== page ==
Philip Hammond, the chancellor, and Liam Fox, the international trade secretary, published a joint article in the Sunday Telegraph yesterday in a desperate attempt to put Conservative Party unity ahead of the national interest. But, behind the fake harmony, there was no good news for working people or British business.
Despite appearing to accept the argument advanced by – among others – the TUC and the CBI for a transitional period after the end of the article 50 negotiating period in March 2019, the two feuding cabinet ministers also called for an impossible “have cake and eat it” vision. Their piece implies that Britain could secure tariff-free, barrier-free trade with the rest of the EU while being outside the single market and customs union. And that they could achieve all of that by a year next March.
The TUC believes we should keep open the option of staying in the single market and customs union, at least for a transitional period – as the CBI does – and maybe longer.
Hammond and Fox wrote: “We are both clear that during this [transitional] period the UK will be outside the single market and outside the customs union and will be a ‘third-country’ not party to EU treaties. But we are also clear that during this period our borders must continue to operate smoothly; goods bought on the internet must still cross borders; businesses must still be able to supply their customers across the EU and our innovative, world-leading companies must be able to hire the talent they need, including from within the EU.”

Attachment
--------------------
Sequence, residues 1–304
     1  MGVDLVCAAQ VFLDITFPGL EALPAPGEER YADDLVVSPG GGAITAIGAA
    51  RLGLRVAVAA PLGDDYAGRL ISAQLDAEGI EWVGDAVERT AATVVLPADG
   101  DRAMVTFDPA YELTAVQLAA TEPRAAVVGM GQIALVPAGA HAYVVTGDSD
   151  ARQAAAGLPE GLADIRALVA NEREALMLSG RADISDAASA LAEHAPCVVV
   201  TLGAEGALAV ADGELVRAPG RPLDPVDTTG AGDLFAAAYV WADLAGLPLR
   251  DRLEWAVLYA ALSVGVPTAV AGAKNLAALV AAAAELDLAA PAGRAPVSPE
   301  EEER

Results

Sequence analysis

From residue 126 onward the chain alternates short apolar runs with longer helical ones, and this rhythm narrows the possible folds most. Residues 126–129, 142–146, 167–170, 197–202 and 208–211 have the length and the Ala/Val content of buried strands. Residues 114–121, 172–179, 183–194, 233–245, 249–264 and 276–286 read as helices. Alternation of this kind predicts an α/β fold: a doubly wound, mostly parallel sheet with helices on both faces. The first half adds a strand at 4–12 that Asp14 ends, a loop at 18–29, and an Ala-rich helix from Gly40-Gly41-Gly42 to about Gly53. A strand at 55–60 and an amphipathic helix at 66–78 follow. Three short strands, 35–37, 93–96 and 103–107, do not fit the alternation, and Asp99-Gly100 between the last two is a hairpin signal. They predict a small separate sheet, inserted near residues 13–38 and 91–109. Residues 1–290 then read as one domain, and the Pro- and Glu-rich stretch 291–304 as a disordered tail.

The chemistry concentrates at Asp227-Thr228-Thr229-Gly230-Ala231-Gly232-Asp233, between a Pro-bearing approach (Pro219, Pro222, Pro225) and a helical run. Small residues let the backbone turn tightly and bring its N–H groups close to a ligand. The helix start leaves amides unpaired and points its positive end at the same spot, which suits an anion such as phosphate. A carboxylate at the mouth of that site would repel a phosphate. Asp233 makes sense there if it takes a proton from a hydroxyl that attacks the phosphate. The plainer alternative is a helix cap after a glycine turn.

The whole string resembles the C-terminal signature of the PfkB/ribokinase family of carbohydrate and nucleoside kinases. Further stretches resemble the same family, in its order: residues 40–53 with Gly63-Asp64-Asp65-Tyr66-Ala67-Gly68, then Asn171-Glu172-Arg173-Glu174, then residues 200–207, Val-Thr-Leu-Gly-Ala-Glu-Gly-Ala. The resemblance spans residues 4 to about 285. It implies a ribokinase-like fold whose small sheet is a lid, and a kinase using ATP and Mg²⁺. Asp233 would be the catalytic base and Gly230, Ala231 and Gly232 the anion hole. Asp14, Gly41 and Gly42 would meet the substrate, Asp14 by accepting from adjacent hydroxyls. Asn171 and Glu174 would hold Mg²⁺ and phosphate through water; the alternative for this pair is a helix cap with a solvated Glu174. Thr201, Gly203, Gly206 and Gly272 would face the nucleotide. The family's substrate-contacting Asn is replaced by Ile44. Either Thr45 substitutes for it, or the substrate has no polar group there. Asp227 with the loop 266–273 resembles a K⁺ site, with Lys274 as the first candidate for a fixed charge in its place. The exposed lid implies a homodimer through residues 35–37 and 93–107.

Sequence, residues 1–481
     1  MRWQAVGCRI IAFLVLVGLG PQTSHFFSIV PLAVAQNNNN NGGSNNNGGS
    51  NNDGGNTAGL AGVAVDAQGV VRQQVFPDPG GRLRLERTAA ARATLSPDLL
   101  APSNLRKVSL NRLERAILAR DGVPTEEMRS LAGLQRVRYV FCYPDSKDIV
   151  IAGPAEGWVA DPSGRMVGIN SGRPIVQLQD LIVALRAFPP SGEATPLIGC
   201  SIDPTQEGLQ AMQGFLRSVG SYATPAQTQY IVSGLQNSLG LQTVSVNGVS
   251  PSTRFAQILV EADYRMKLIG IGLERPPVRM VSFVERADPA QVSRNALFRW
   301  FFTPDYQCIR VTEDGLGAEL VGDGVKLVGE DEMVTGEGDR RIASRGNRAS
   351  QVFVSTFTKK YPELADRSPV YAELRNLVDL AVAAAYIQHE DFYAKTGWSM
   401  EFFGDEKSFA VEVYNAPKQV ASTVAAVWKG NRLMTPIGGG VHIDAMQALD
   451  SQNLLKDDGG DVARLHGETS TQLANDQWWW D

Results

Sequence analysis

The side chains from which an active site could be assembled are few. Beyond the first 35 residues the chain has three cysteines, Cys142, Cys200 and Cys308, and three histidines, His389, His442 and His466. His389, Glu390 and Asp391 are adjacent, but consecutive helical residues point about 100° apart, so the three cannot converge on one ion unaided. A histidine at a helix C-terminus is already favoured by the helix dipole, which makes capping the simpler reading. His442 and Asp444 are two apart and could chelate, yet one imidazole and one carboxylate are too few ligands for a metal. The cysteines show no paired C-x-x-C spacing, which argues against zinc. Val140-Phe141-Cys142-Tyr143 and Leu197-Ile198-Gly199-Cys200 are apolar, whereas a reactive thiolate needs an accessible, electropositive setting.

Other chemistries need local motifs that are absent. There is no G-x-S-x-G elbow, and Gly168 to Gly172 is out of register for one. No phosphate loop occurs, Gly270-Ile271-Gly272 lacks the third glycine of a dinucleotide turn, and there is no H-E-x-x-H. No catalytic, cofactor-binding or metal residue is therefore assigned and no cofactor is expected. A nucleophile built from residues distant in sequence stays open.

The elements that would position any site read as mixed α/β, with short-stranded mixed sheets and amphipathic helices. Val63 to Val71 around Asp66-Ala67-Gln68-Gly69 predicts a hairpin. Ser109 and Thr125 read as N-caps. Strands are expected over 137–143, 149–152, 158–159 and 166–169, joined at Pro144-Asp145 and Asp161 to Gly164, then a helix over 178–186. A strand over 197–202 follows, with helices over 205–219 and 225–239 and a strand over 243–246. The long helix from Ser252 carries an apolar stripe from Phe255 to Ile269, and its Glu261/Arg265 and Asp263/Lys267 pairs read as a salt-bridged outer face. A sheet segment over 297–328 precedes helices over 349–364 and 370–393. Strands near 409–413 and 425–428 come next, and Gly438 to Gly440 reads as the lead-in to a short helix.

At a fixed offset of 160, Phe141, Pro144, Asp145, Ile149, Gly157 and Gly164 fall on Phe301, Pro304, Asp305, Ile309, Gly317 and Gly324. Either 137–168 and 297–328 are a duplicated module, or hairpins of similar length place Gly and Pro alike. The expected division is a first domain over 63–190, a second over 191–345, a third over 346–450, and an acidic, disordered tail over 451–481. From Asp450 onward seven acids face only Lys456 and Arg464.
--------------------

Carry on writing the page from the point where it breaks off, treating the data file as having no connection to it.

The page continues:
Nowhere in the article do they explain how leaving the customs union can be achieved by March 2019 without facing the EU’s external tariff, which is what being outside the customs union means! That tariff – over 10 per cent in many sectors of manufacturing and food goods – would make British exports more expensive at a stroke, leading to wage and/or job cuts across our exporting sectors.
Nor do they say how – other than by staying in the single market – rules of origin and other paperwork requirements will be avoided, or services traded freely. And nowhere do they explain how working people’s rights will keep up with European workplace rights, once that is not required by single market membership. And the same goes for most consumer and environmental rights. Having different standards from the rest of Europe would at least mean costly extra paperwork and might even keep our services out of the rest of Europe altogether, affecting jobs and wages in the up to 80 per cent of our economy accounted for by services.
Some people hope that Britain will eventually be able to secure all these benefits from outside the single market and the customs union through a “deep and comprehensive free trade agreement” with the rest of the EU. But very few people – and no-one with actual experience of negotiating such deals – think it can be done in time to slot into place by March 2019.
That’s presumably why Fox and Hammond only implied that trade after March 2019 will be tariff-free and barrier-free. All they actually promise is “smooth”, although even that meaningless description is unlikely to prove true. What they are actually holding out is the prospect of a deeply damaging Brexit – precisely the cliff-edge they claim they are trying to avoid – come April Fool’s Day 2019.
Unless they change course, the bad joke will be on British workers and the British economy.
PS. The show of unity lasted fewer than 24 hours, as the Telegraph reported last night that a fellow cabinet member claimed Hammond views Fox with contempt and that their truce would fall apart.